The biggest learning for me and for us is that one should design his / her boat to your own taste and preferrences, but with several layers of redundancy, so that when the ‘posher’, more convenient, modern equipment fails – which it will, believe me – you still have something to rely on. Despite being old, outdated and ‘romantic’ kerosene lighting, a wood stove for heating the salon and a rusty Origo alcohol stove for cooking (although I personally prefer to cook on the thundering wood stove) saved our butts & kept us warm and well fed many times. Despite having GPS, EPIRB and whatever modern navigational stuff on board we still have charts, a compass, a parallel ruler, a protractor etc. for hands-on powerless navigation. Our electric nav lights are backed up by a set of kerosene ones, and despite wearing life vests and having an offshore life raft to save us we also still have the old-fashioned life rings with flashlights on board – you never know. We have the flags, a mechanical fog horn, a brass loud hailer etc., and in the galley we are pretty conservative as well with two fridge / freezers (240 V / 12 V / LPG), an “ice box” (literally), a 4 burner LPG stove (although I still prefer to cook on the wood stove, but here in the tropics you only use it after the rainy season to get the ship dry again, and in winter). I am currently replacing our Corelle crockery with the US Navy fouled anchor crockery (see an example here, looks very maritime and great on a golden Huon Pine table: http://www.ebay.com.au/itm/US-Navy-Fouled-Anchor-Pattern-China-1-Shallow-Bowl-7-Vintage-Clarksburg-WV-/232412377507?hash=item361cdb71a3:g:jt8AAOSwajRZa9wL), but I have to ‘sadly consent’ that we use just ordinary stainless steel cutlery and don’t carve our spoons at sea ourselves. Corelle crockery is very popular with caravans down under & was great for us too for some time, but it seems to age quickly under our harsh conditions here: we cracked a few items, and they literally exploded all over the galley, so we decided to get out of it. Kettle, pots & pan-wise we’re using copper pots that have been freshly tinned on the inside – looks good and it absolutely great for cooking with gas or wood (and the re-tinning is fun to do in your back yard). You need to equip your boat the way you like, and feel comfortable & safe with; over-engineering the safety aspect can’t hurt, as normally when you’re deep in the muck you have to fend for yourself for some time until help arrives.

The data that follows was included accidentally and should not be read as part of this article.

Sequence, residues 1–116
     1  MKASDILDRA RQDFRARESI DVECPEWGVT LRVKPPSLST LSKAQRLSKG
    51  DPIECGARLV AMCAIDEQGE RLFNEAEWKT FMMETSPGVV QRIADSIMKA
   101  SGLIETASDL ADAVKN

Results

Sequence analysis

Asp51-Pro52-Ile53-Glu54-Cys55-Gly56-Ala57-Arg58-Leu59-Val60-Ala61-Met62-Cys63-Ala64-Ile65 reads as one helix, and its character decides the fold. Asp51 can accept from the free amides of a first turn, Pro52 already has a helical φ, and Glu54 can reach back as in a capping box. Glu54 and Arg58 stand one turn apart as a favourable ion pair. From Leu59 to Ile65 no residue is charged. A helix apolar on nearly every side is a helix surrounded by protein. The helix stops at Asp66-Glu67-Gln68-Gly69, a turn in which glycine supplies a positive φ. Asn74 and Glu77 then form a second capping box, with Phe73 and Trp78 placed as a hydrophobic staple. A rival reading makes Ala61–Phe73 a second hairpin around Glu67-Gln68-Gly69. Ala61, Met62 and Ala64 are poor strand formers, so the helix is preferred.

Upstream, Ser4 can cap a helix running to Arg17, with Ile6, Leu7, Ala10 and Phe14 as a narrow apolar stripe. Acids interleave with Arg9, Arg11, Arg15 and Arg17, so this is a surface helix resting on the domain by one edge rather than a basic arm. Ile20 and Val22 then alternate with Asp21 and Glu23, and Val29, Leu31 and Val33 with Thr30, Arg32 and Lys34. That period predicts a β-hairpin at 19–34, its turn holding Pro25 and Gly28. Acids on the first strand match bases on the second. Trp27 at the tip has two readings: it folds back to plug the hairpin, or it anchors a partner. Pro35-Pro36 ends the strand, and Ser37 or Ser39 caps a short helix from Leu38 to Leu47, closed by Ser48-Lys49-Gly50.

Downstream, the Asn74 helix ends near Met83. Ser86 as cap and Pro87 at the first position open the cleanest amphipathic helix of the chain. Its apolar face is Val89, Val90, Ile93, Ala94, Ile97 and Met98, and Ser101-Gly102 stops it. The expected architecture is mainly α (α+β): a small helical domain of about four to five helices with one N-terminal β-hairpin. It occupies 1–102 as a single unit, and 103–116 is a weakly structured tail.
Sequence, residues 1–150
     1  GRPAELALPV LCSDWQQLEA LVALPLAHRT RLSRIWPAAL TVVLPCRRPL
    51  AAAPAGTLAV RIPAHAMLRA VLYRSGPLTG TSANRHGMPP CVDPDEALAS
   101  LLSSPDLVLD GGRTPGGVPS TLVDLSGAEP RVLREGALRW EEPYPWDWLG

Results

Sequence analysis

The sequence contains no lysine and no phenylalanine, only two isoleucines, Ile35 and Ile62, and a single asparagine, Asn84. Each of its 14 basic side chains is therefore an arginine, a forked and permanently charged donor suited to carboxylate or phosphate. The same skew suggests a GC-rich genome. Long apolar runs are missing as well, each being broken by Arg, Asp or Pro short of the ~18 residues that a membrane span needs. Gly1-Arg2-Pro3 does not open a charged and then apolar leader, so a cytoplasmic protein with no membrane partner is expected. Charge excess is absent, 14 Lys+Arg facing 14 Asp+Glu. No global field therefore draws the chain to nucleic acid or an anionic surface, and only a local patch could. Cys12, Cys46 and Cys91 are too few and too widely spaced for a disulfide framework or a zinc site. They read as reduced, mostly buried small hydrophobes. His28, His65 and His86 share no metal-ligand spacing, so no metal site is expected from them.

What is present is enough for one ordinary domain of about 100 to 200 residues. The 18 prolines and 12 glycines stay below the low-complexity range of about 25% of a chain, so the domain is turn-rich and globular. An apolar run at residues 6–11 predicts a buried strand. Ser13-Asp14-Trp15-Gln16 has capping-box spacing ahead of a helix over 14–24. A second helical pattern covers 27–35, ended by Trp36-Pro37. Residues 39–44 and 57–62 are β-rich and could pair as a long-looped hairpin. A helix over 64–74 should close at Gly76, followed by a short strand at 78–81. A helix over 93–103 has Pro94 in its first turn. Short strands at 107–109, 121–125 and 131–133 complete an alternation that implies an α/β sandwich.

While this may sound a bit manic, over-engineered and / or old-fashioned it helps us in many ways to keep the historic appearance of our ship and at the same time have modern equipment available; I tend to hide this as much as possible to retain appearance, but eg with the life raft we couldn’t do more but conceal its canister in the same cloth that we used to cover the life boat / dinghy with (14 ft. timber skiff with a never-failing Seagull, a compass, another EPIRB & two pairs or oars 🙂 & to locate it on a timber platform.

    In summary we learned to play it very safe, as out on the water the forces of wind & sea can be gruesome, esp. at night. I still remember sailing from Bornholm to Kopenhagen over night on “Germania VI”, a 26 metre racing yawl in force 10+ winds, with high seas we could only see at the last moment, everyone wore life vests and was roped to the ship, it was like being in a pitch-black washing machine and several of us literally peed their pants as we could not go down below at all. No food as the galley was closed, dog-tired, drenched to the bone & bitterly cold. That trip taught me a lot about safety at sea, esp. as we left Bornholm in calm seas and a beautiful sunset, and a bunch of half-drowned rats arrived in Kopenhagen during calm seas again in a beautiful sunrise – but in between it was living hell, not forecasted or anticipated, but we made it due to excellent preparation, lots of safety features on our yawl, and a bosun who was pretty a…l about safety at sea & had terrorized all of us with this the weeks before (apparently for good).

    This is not to shy anyone away from any adventure you intend to have, but only to as a reminder that several levels of redundancy in your equipment, excellent preparation and repeated safety drills are key to survival and loads of enjoyment on the water. Learning ‘on the go’ does work, but can be dangerous, so be prepared and aware of what you might get into.

    Otherwise my other big learning is that you cannot enjoy the sea if you don’t follow her calling, so go out and have fun with your boat, whatever size, model, material, build it is (we have three: the big ketch, the 14 ft skiff which can be rigged for dinghy sailing as well, and a 1952 mahogany ski boat for the moments where we are a bit ‘petrol-heady’ – oh, and my sweetie has a plastic-fantastic kayak for watching the whales, dugongs & turtles around our island in the Great Barrier Reef).

    The third big learning is related to the age of the internet: when fitting out your boat don’t compromise on quality or design – whatever you need & want is out there, you just need to find it. Be it charts, safety equipment, galley stuff, engine parts, whatever – be a truffle hog and hunt it down, as only then your ship will become YOUR ship. Personally I normally search via the “image” tab in Google, but Ebay, Craig’s List, Gumtree etc. are all great places to use. Once you find someone who has something close to what you want start asking questions for what you really want – and then barter in such a way that the final deal benefits both sides. By respecting the interests of the vendor, as well as my own, I have developed many interesting connections & relations to folks who have tons of interesting stuff to offer, and most of that hidden away in their warehouse or under the desk. With a classic boat this is vital, with an off-the-production-line boat probably not so much, but once you start to go your own individual way it becomes essential again.

    Enough ramblings for the time being, now you can throw the marlin spike at me…

    Cheers, Florian